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Drop in Tennessee Business Barometer fueled by inf...

Drop in Tennessee Business Barometer fueled by inflation worries, supply chain snags, worker shortages

Outlook among Tennessee business leaders “retreated significantly” in the last three months, driven by inflation fears, a softening economy and supply chain disruptions, among other concerns, according to results from the latest Tennessee Business Barometer by MTSU’s Jones College of Business.

The latest Tennessee Business Barometer Index, which measures state business leaders’ perceptions of the current and future economy, continued its drop to 207 in October, down from 434 in July and 494 in April following a noticeable jump at the beginning of the year. The current online survey of 107 business leaders from across Tennessee was conducted in partnership with the Tennessee Chamber of Commerce & Industry between Oct. 5-18.

Dr. Tim Graeff, marketing professor

Dr. Tim Graeff

“Frustrations and worries about the overall economy, and inflation in particular, have driven down the index,” noted Tim Graeff, director of the university’s Office of Consumer Research, which oversees the quarterly index. “This decline in perceptions of the overall economy mirrors a similar decline in the Conference Board’s nationwide measure of CEO Confidence. Perceptions of the Tennessee economy also declined, but not as significantly.”

The Conference Board is a nonpartisan think tank that surveys U.S. consumers each month to produce a Consumer Confidence Index.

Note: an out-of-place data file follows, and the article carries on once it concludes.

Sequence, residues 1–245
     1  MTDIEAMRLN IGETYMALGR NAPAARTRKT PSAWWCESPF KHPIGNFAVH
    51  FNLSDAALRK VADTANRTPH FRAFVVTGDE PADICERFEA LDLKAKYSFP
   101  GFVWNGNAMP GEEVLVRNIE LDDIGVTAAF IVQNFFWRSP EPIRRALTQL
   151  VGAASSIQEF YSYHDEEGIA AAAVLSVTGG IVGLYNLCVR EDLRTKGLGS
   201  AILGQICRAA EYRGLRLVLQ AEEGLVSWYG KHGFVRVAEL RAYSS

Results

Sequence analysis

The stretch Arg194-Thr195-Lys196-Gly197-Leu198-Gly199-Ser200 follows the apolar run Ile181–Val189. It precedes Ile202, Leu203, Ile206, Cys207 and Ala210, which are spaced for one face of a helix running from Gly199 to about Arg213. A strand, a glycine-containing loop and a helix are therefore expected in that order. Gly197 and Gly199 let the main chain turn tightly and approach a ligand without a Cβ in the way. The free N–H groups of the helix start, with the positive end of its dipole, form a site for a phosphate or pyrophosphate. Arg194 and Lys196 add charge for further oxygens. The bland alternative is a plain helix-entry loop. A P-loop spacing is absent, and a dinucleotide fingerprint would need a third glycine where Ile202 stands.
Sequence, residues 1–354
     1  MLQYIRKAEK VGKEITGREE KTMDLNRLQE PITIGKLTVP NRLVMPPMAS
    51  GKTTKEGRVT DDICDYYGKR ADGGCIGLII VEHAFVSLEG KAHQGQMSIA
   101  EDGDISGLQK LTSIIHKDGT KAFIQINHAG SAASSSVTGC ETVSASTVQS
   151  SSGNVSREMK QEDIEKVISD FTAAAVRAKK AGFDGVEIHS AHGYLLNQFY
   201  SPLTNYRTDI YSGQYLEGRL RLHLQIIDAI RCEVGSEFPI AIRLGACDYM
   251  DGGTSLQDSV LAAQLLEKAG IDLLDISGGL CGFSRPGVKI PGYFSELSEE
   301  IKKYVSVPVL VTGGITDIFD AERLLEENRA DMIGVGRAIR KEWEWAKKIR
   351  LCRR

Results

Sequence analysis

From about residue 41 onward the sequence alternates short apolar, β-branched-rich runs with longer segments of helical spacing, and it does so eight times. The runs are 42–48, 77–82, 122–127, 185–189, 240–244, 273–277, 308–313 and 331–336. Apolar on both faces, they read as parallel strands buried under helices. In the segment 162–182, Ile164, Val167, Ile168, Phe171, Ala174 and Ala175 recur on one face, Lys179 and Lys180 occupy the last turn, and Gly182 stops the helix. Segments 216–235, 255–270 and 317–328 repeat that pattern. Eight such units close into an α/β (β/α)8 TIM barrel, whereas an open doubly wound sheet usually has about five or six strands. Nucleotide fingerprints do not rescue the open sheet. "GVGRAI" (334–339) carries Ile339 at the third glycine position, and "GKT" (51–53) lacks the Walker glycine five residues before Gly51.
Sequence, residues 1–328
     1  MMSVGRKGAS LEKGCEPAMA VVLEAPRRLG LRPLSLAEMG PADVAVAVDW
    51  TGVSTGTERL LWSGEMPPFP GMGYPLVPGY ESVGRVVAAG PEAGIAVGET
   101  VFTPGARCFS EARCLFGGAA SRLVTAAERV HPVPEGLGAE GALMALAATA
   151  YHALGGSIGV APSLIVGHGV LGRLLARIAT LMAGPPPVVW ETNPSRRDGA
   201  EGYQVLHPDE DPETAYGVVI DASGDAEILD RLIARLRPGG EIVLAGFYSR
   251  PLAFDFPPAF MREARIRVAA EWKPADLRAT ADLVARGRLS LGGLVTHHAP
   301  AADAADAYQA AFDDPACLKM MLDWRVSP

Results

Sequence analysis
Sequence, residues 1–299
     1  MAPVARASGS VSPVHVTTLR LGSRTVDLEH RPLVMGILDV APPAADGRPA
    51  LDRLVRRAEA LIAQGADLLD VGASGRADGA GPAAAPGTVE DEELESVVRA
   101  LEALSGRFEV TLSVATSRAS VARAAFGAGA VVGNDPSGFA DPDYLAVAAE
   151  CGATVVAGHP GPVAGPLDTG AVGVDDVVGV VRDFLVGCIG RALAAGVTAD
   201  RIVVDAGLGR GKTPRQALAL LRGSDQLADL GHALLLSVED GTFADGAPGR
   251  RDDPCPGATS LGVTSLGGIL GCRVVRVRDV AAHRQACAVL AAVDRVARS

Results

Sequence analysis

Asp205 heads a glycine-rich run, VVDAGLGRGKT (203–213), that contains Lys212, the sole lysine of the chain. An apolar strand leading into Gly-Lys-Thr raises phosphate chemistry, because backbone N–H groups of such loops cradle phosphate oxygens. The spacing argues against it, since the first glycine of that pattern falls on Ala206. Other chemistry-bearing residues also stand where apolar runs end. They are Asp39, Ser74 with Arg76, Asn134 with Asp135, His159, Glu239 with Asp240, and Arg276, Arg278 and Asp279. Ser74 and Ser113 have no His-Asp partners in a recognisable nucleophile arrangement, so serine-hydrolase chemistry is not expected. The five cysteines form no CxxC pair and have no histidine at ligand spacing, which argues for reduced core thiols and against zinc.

Find the full Tennessee Business Barometer survey report and previous reports here.

With respect to the nation in general, higher inflation was the most often cited concern or worry among survey respondents. This was followed by concerns regarding increasing polarization between political parties, the inability of political leaders to solve problems, more governmental regulation, and higher taxes.

This fever chart shows the Tennessee Business Barometer Index and sub-indices results since its inception in July 2015. The latest Business Barometer Index is 207 for October, down from 434 in July. (Courtesy of the MTSU Office of Consumer Research)

This fever chart shows the Tennessee Business Barometer Index and sub-indices results since its inception in July 2015. The latest Business Barometer Index is 207 for October, down from 434 in July. (Courtesy of the MTSU Office of Consumer Research)

Other highlights

  • Concerns about a softening economy and supply chain disruptions caused the Business/Firm Performance Index to weaken.
  • There were net decreases in the percent of business leaders who expect their firm to grow more, invest more, increase sales, increase profitability and increase inventories compared to last year.
  • With respect to individual firms or businesses, business leaders are concerned about the possible negative effects of political uncertainty, economic uncertainty, rising health care costs, supply chain management and increasing taxes.
  • Rising prices and a shortage of workers can lead to restrictions in supply chains, which can further stifle economic activity and growth.

“Many Tennessee businesses continue to struggle to find qualified employees. Even though there was a small net increase in the percent of firms likely to increase hiring, there was a similar net decrease in the percent who said it is easy to find qualified employees,” Graeff noted.

About the Barometer

The Tennessee Business Barometer is an online opinion survey that tracks an overall index and four sub-indices: current outlook, future outlook, business/firm performance and employment outlook. Index scores are calculated from the percentages of positive and negative responses to a series of questions about perceptions of the economy.

The inaugural survey in July 2015 registered an index of 325, and the next survey is scheduled for January 2022.

For more information about the MTSU Office of Consumer Research, visit www.mtsu.edu/consumer. For more information about the Tennessee Chamber of Commerce & Industry, visit www.tnchamber.org.

— Jimmy Hart (Jimmy.Hart@mtsu.edu)


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